Satellites Leap toward Reconfigurability
2021-07-31 | 5 min read
From famous people taking space rides through launchings of thousands of small satellites, the space and satellite industry is overflowing with new activity. Enabling this expansion are technologies ranging from software and antenna developments through three-dimensional (3D) printing/additive manufacturing. These advances are combining to enable satellites to provide new services and capabilities – even a path toward reconfigurability. At the same time, development timelines and launch schedules continue to shrink. A new surge of cutting-edge developments are needed to allow satellites to be produced more quickly, efficiently, and precisely.
The just-launched EUTELSAT QUANTUM satellite provides an inspired example of many of these innovations. According to an article from 3D Printing Media Network, “The EUTELSAT QUANTUM satellite is a revolutionary step forward for commercial satellites, offering very high customization and flexibility. It will supply services with unprecedented in-orbit reconfigurability in coverage, frequency and power, allowing complete mission rehaul, at any orbital position.” The key is the satellite’s software-based design, enabling it to be reprogrammed to continuously adapt to demands and requirements.
The satellite boasts an electronically steerable antenna. Airbus states that its ELSA+ (ELectronically Steerable Antenna+) works in the Ku-band with eight independent reconfigurable beams. According to the company, “This inherent flexibility enables the operator to reconfigure the radio frequency beams over the coverage zone. In addition, these capabilities can be implemented on each beam either independently or simultaneously including hop up to several tens of predefined different configurations per beam (beam hopping). Another new feature is the capability of the antenna to mitigate possible interference, intended or not, thanks to its ability to GEO locate any interference and null them. This new antenna technology complements new generation fully digital payloads where the operator can thus change the orbit position, frequencies, and the power of their spacecraft.”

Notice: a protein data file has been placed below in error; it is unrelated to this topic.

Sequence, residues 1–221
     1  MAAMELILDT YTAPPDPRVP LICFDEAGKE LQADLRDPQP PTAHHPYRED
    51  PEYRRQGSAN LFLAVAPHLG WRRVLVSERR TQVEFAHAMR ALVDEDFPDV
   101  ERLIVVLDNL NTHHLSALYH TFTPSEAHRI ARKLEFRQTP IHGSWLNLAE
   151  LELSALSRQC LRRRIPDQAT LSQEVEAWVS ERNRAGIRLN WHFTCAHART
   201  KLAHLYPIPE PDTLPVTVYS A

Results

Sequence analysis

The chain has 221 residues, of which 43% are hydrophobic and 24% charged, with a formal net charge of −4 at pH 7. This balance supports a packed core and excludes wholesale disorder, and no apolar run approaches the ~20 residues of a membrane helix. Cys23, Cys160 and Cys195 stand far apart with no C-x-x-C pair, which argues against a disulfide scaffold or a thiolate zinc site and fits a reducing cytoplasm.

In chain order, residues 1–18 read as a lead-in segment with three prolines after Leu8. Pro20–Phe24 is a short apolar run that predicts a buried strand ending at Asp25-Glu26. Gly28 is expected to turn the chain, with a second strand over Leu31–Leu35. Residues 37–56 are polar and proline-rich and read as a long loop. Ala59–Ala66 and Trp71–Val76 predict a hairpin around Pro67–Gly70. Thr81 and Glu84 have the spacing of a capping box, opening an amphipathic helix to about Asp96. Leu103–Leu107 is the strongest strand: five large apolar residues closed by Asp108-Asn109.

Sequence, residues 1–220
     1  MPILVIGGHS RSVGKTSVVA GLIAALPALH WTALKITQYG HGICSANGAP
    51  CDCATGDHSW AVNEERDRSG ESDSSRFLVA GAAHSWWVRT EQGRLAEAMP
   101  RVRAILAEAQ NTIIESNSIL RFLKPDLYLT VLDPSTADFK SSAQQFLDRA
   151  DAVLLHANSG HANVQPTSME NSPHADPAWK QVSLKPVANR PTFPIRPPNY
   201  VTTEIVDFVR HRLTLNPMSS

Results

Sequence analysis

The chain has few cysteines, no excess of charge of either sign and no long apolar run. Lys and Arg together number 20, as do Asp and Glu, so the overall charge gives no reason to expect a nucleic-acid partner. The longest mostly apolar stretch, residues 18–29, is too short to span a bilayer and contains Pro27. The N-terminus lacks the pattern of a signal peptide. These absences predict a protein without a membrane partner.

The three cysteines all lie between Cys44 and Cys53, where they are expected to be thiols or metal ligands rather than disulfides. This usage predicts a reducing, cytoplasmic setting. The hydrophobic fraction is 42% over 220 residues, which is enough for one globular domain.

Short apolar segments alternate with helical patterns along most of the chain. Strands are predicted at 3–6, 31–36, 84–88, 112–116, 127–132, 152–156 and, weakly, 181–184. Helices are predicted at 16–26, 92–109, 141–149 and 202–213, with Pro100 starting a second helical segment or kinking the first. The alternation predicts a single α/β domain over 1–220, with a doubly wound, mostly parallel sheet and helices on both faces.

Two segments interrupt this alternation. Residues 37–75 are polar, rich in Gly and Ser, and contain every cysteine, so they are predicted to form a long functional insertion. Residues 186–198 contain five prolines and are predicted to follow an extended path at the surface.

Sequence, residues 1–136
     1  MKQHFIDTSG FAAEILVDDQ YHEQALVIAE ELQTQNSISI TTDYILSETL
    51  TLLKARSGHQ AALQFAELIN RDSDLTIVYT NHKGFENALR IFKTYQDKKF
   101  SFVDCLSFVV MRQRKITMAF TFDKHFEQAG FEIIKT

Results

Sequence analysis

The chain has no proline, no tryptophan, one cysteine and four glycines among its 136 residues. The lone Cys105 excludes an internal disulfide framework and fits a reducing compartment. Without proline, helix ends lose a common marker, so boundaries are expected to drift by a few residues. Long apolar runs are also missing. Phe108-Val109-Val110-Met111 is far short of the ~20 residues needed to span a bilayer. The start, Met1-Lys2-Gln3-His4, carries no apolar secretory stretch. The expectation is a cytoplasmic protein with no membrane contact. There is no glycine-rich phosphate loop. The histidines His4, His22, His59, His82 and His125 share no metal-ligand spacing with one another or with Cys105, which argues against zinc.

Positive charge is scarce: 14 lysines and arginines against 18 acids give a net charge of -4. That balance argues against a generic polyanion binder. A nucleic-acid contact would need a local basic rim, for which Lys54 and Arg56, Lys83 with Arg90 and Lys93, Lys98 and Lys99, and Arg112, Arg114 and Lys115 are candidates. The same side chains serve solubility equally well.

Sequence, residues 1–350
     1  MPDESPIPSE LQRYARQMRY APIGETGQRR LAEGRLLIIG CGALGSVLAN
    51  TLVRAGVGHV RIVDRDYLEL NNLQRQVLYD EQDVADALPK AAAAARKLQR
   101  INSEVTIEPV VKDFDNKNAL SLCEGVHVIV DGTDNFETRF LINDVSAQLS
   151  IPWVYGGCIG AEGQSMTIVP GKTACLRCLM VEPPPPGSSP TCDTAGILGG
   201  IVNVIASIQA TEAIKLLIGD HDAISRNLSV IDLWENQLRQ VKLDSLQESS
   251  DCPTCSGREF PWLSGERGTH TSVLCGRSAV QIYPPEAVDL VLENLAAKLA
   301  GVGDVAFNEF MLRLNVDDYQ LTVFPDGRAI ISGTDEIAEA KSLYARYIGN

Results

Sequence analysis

This satellite also spotlights additive manufacturing advances. 3D Printing Media Network notes, “The EUTELSAT QUANTUM satellite features titanium 64 solar panel supports, developed and fabricated by CATEC (Fundación Andaluza para el Desarrollo Aeroespacial (FADA-CATEC)) using additive manufacturing technology.” By 3D printing components, designers usually benefit in both cost and weight. They also gain advantages in automation because additive manufacturing relies on computer-aided-design (CAD) software.
These cutting-edge developments are just some examples of the innovations driving space and satellite technology forward. To help ensure mission success, it also is essential to prioritize reliability in your manufacturing processes. After satellite deployment, physically repairing aerospace and satellite devices in orbit is expensive and difficult. Therefore, it is critical to maintain the highest level of quality throughout the production process, especially as production volume scales. Keysight provides confidence in measurement results through dependable custom test solutions that offer exceptional test speed and data fidelity.
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